Thanks to Nicholas Kristof of the New York Times ("New alarm bells about chemicals and cancer") for telling readers about a report on chemicals and cancer released last week by the President's Cancer Panel.
I had never heard of this panel—appointed during the Bush Administration, no less—and went right to its 2008-2009 annual report (PDF).
The Panel says that the "risk of environmentally induced cancer has been grossly underestimated," that "nearly 80,000 chemicals [are] on the market in the United States, many of which are ... understudied and largely unregulated," and that "the public remains unaware ... that children are far more vulnerable to environmental toxins and radiation than adults."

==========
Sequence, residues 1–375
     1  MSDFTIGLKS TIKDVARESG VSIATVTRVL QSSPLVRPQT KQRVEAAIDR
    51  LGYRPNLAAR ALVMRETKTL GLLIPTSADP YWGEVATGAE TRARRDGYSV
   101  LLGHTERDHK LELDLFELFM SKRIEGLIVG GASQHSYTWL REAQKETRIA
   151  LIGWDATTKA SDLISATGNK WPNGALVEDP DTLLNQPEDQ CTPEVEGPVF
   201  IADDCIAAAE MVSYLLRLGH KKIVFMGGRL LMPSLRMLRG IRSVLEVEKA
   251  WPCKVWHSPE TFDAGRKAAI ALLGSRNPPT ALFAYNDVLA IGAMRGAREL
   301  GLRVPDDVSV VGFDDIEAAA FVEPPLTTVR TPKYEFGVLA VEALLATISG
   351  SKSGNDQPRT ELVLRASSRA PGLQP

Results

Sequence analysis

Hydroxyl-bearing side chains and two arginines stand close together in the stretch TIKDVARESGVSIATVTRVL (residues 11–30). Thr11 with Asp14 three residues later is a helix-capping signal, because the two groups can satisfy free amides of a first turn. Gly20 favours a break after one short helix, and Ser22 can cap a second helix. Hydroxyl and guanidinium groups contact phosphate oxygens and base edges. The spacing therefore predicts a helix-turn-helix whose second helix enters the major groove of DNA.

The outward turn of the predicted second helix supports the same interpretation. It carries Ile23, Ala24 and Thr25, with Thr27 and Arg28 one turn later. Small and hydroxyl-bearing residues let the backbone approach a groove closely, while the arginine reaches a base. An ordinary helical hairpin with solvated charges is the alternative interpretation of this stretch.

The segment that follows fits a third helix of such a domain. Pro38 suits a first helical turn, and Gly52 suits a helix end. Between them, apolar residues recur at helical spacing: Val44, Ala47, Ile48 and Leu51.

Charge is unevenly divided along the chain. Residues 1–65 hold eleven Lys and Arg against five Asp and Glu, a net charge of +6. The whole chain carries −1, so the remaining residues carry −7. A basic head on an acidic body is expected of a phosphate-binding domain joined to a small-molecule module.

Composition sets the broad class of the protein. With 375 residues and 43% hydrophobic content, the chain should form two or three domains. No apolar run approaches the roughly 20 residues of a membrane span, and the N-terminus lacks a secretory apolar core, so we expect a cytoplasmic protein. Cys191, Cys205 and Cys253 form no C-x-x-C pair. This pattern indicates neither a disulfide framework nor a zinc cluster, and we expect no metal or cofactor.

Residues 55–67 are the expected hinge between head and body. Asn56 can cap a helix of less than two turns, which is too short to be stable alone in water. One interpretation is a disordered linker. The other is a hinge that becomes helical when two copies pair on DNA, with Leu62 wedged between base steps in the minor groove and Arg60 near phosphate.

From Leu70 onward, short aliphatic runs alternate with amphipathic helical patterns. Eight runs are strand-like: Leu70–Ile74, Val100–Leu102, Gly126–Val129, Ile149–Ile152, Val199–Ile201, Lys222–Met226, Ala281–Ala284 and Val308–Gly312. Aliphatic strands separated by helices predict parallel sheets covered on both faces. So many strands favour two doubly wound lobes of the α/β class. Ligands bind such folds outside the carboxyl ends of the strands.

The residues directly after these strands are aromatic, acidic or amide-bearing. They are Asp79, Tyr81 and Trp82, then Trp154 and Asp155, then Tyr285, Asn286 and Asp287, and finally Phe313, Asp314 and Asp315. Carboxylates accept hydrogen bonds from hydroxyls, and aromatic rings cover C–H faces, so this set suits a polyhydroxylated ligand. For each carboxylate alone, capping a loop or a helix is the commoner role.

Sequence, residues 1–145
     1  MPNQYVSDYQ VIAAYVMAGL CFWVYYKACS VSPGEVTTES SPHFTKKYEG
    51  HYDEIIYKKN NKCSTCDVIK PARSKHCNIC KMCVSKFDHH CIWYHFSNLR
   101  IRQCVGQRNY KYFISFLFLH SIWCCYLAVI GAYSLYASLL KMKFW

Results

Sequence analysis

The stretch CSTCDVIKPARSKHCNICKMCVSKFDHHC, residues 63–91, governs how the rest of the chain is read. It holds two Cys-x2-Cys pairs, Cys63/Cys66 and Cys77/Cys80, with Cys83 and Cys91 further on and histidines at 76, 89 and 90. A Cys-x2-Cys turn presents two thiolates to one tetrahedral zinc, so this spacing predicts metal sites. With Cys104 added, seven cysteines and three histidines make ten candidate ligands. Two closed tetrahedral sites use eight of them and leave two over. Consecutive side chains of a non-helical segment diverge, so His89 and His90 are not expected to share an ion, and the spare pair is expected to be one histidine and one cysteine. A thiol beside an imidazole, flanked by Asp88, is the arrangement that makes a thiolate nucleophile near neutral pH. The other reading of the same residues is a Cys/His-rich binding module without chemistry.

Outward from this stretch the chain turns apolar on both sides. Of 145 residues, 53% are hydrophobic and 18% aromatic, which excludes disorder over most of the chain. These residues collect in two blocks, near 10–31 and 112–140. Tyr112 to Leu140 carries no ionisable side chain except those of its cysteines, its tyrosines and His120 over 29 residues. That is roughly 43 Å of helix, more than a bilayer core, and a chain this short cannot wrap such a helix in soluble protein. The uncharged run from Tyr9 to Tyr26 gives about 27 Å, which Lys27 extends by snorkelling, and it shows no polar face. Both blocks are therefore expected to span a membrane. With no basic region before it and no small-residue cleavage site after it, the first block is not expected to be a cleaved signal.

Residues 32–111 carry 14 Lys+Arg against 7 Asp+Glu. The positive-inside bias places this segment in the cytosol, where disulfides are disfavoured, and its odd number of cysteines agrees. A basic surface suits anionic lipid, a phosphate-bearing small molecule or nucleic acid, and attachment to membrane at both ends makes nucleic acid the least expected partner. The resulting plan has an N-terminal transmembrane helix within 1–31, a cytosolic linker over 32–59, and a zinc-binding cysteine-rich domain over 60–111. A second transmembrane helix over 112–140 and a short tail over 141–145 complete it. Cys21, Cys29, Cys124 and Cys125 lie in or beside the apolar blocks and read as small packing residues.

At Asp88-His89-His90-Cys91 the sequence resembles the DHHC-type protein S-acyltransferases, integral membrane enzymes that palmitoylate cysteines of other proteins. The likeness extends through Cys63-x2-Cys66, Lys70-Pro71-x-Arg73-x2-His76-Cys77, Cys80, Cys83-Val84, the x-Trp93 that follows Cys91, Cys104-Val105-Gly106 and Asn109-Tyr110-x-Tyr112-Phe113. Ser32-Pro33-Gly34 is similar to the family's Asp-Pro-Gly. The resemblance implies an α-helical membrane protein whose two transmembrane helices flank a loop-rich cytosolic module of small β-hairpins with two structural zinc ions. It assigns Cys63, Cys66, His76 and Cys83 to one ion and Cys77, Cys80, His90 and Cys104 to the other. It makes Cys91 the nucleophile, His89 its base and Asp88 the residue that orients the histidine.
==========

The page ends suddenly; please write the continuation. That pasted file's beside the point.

evidence suggests that some environmental agents may initiate or promote cancer by disrupting normal immune and endocrine system functions. The burgeoning number and complexity of known or suspected environmental carcinogens compel us to act to protect public health, even though we may lack irrefutable proof of harm.
I'm guessing this report will cause a furor. Why? "Lack irrefutable proof" means the science isn't there. In this situation, the Panel advises precaution. Check out these examples selected from the recommendations: